In honour of Don Hayes, a Professor at the University of Waterloo who was instrumental in developing the foundations of the Warrior hockey program and its head coach from 1964 to 1969, the University created an annual memorial fund for high achieving students actively involved in athletics and sports training. This poster promoted a fundraising event for the fund in Don’s beloved sport, Hockey. Designer and head of graphic services at the University, Roth, an obsessive hockey player, created this functional piece in one weight of Helvetica and economically printed in black ink on orange red cover stock. The illustration took cues from the iconography of olympic pictograms. The University of Waterloo still offers the Don Hayes Memorial Award today
is a physical archive of modernist Canadian graphic design focused on the period 1960-1985. It exists to preserve, document, educate, inspire and build a richer understanding of a seminal point in Canada’s development as a nation. The collection is primarily interested in identity design, typography and graphic communication and is shared online via its own website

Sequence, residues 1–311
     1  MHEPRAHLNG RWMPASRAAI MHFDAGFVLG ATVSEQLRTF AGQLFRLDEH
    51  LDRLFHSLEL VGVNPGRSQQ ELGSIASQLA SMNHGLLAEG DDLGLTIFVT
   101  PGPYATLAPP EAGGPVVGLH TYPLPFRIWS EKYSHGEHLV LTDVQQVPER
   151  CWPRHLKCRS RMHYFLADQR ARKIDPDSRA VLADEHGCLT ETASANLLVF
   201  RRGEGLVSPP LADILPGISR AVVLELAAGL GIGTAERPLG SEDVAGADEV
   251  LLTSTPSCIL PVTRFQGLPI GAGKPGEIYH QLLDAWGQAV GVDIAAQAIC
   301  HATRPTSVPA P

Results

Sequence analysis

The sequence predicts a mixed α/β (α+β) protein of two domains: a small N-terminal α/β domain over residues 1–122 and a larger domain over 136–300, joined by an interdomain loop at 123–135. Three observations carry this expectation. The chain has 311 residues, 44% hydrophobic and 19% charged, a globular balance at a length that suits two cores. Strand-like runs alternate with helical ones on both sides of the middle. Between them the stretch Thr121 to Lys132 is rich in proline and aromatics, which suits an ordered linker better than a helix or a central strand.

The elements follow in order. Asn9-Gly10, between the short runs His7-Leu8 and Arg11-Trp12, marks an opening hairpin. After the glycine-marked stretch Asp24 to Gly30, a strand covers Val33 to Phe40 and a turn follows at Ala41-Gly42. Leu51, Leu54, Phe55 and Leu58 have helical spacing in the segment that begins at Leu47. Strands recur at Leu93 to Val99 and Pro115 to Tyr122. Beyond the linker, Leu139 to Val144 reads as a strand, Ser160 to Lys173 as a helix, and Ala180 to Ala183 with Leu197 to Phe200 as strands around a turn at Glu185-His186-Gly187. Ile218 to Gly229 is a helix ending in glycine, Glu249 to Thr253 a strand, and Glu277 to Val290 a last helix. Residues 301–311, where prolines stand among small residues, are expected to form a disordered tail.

. We cannot find the way forward without clear knowledge of where we began — perhaps through fostering a greater understanding of Canada’s first golden era of design we can begin the process of heralding a new one.